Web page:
APAR's WORKING WEEKEND: The WorldWideScreen Is Getting Bigger, and Smaller9 Feb, 2001 By: Bruce Apar
That advice would serve well one retailer who wrote a letter to Video Store that you can read in next week’s issue. The degree to which this person was misinformed about the most fundamental tenet of video retailing -– First Sale –- admittedly left us speechless. The writer suggests that suppliers should exert control over the length of retailers’ rental periods. Not his own rental periods, of course, only his competitors’.
As with that extreme example, thinking global can mean simply knowing the basics of the business you’re in. Acting local is knowing how to apply them to your particular situation.
On a more literal scale, Video Store is thinking global by introducing a far-reaching, regular feature called WorldWideScreen, dedicated to reporting on home entertainment from America to Australia. By telescoping international coverage in this special department, our focus is to help readers everywhere add a world view to their own, local business.
American retailers who have mastered the art of networking -- through the Video Software Dealers Association and elsewhere -- already appreciate the value of sharing information with their counterparts from other U.S. markets.
Increasingly, telecommunications technology, especially the Internet, is making it easier and more advisable for video professionals to get together whether they reside in different counties or countries.
The closer we pay attention to how the business of home entertainment behaves in international territories, the more obvious it becomesthat merchants and suppliers the world over are not worlds apart.
In the United Kingdom, who else but Blockbuster has just gained more market share, snapping up another chain, Apollo. And like their American counterparts, British stores are grappling with revenue-sharing and the growth of DVD. On the other hand, Co Mast of retail chain Video Vision in The Netherlands tells us that revenue sharing works just fine for him.
Some countries can prove foreign even to Blockbuster. Pioneering American video retailer Jack Messer, a former VSDA president, gave the behemoth some big blues in Poland, where he runs a chain of stores named -- in the tradition of Philadelphia-based West Coast Video and Portland-based Hollywood Video -- Beverly Hills Video. Blockbuster stores veni, vidi, vanished.
The studios, of course, are global, too. U.S. distribution and Disney veteran Matt Brown moved from New England to Olde England to head international business for DreamWorks Home Entertainment. When we ran into him there on a recent trip, he told us he’s having a bloody good time selling hits like Gladiator.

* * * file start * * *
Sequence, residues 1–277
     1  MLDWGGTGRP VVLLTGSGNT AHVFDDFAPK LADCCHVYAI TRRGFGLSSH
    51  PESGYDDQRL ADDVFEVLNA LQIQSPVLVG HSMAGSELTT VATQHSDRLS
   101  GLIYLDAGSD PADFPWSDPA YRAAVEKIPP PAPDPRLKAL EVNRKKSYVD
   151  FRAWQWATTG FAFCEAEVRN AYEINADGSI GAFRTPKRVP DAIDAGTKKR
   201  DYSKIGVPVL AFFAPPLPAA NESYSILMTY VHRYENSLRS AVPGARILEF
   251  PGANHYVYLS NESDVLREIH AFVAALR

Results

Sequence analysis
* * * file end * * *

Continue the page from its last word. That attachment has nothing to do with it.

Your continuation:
It often happens that policies not yet known in the United States are first introduced in international territories. Rental-priced DVDs from Buena Vista, Fox and Universal are causing a stir among U.K. retailers, while here the jury is out on the wisdom of a DVD rental window.
Two British faces familiar to many American video cousins are Vidbiz's Michael Senker, and Prime Time's Chris Simpson, frequent visitors to these shores to take our temperature regarding rental policies and politics. In fact, for years they have accurately predicted video trends in America -- including the adoption of copy-depth programs and the disappearance of studio exhibits at the VSDA convention -- based on studio decisions in their homeland.
All of the retailers mentioned above form a grassroots international alliance, that also includes Kevin Jellard of Australia's Movie Plus, that we will be consulting as an advisory board for WorldWideScreen.
To launch this ambitious round of global coverage, we are proud to align ourselves with the U.K.'s leading publisher of business-to-business home entertainment periodicals, Bleeding Edge/Columbus Group, a division of Highbury House. We will be working closely with Bleeding Edge editorial director Tim Murray to develop the most comprehensive international reports on home entertainment the world has ever seen.
After all, the goal is the same in every tongue: satisfy the customer and turn a profit. Hasta la vista.
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